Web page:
Utilities – how digital do your customers feel?

Using traditional communication models will heavily restrict utilities’ interactions with customers, states energy tech and consulting firm IBM.

The US-based corporation states that the restriction will in turn limit customer satisfaction and improved operations due to a lack of insight into customer demands and real time grid operations.

IBM asserts that traditional modes of interactions such as bill inserts and broadcast media increase operational costs as they increase the sectors that a utility needs to invest in.

Benefits of digital customer engagement

On the other hand, investing in modern customer engagement platforms such as social media, websites, blogs, metering and transaction systems will limit customer churn as they allow a utility a personalised relationship with a consumer resulting in satisfaction through the provision of ‘the right product to the right customer and at the right time’.

[quote] Modern interactions provided by smart metering systems will offer utilities real time insights on how consumers are using their energy as well as provide a platform to implement energy efficiency and demand response measures to reduce consumers’ energy costs and enhance grid reliability.

According to the company, to date, the utility-customer interaction sector is characterised by themes including adaptation to energy industry trends, changes in customer perceptions and power consumption, and changes in customer engagement tools.

To highlight consumers’ growing demand for digital services, a survey carried out by IBM research found that 57% of customers will not recommend a business with a poorly designed mobile site to their peers and 54% would consider ending a relationship with a retailer if they are not given personalised content and offers.

Trends in customer engagement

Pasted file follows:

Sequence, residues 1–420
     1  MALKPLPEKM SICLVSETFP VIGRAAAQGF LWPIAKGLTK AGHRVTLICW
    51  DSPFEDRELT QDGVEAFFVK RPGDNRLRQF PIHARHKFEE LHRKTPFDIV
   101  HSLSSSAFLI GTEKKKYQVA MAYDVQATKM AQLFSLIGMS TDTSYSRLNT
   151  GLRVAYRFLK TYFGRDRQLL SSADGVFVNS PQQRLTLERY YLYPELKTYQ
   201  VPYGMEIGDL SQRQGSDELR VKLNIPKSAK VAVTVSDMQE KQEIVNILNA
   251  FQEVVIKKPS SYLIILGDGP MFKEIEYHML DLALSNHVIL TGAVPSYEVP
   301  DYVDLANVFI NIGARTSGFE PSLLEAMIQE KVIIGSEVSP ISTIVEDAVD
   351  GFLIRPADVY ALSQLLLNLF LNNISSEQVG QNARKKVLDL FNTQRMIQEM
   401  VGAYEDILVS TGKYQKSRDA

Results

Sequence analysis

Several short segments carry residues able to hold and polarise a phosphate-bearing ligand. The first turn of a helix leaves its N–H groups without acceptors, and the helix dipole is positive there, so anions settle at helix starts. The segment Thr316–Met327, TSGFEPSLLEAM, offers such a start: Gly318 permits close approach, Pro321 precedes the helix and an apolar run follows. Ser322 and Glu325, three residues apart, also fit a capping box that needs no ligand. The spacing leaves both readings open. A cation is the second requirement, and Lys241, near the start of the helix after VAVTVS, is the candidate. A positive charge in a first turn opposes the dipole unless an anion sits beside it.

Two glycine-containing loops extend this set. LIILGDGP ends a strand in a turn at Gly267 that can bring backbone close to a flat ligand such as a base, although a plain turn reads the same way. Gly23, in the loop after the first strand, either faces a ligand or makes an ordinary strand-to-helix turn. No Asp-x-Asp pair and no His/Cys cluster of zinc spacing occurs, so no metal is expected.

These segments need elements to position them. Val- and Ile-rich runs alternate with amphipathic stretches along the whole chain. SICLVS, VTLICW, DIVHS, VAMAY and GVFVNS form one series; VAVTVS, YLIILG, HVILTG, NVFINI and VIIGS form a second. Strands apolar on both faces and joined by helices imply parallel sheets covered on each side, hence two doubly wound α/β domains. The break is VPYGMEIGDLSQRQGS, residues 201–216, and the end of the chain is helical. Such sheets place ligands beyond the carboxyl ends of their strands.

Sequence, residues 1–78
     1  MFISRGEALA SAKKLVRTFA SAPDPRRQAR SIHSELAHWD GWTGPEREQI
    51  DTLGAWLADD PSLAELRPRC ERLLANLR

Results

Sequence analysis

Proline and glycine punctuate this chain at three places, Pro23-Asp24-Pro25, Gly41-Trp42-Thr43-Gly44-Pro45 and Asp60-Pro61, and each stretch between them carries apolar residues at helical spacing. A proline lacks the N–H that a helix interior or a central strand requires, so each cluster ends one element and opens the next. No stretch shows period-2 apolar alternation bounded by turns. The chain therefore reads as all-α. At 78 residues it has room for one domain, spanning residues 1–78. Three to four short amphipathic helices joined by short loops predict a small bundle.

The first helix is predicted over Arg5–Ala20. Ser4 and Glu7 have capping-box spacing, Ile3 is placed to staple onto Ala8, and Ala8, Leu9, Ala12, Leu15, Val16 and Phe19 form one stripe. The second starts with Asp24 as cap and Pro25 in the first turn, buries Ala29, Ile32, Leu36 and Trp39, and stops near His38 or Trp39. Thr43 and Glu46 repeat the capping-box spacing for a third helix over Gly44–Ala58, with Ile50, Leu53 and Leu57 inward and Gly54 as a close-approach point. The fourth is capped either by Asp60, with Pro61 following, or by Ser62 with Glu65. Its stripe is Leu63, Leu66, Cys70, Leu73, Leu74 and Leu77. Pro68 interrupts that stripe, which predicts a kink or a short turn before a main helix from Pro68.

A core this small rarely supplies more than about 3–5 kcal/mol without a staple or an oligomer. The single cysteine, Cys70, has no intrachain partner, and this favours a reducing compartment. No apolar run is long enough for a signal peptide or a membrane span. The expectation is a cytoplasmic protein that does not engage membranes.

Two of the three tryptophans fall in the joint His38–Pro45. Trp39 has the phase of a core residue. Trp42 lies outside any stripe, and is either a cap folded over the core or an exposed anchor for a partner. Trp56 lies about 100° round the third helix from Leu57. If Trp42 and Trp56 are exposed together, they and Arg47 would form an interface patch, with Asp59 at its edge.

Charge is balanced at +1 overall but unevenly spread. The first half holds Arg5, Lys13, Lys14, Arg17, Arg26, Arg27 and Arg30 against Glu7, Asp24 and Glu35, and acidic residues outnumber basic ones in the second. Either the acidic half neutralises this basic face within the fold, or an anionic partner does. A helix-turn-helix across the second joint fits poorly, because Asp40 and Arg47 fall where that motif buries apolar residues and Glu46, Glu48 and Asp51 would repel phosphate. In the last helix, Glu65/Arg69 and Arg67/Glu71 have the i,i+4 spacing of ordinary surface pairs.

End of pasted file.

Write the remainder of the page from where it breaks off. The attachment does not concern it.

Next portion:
Taking this into consideration, customers demand for mobile app services is expected to increase with the consumer technology market research firm International Data Corporation (IDC) predicting that by 2018, the number of mobile users will grow by 50%.

The growth in the usage of mobile apps is also expected to bring an opportunity for improved utility-customer engagement and real time grid management.

To help utilities improve their businesses through digitalising their operations to meet up with changes in customer needs, IBM drafted a whitepaper ‘The Digital Customer: Engage Customers as Individuals’.

The report states that utilities need to move to more of a self-service economy in which they are able to communicate with consumers in real time using platforms such as mobile devices, chat, websites or a live call center.

The paper states that each channel should provide the same level of service and enable a customer to easily move from one channel to another.

At the same time, the platforms should meet or exceed customer expectations by maintaining consistency, quick answers and seamless interactions. By digitising services, utilities also need to offer customers the option to be prosumers and sell electricity back to the grid.

The report also found that only 20% of global utilities’ websites allow users to monitor their energy usage and only 26% of US electric utilities have mobile applications and functions.

The firm reiterates shifting to digital customer interaction will allow a utility to take advantage of real time network demands through data analytics.

Image credit: www.ibm.com.

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Nicholas Nhede is an experienced energy sector writer based in Clarion Event's Cape Town office. He has been writing for Smart Energy International’s print and online media platforms since 2015, on topics including metering, smart grids, renewable energy, the Internet of Things, distributed energy resources and smart cities. Originally from Zimbabwe, Nicholas holds a diploma in Journalism and Communication Studies. Nicholas has a passion for how technology can be used to accelerate the energy transition and combat climate change.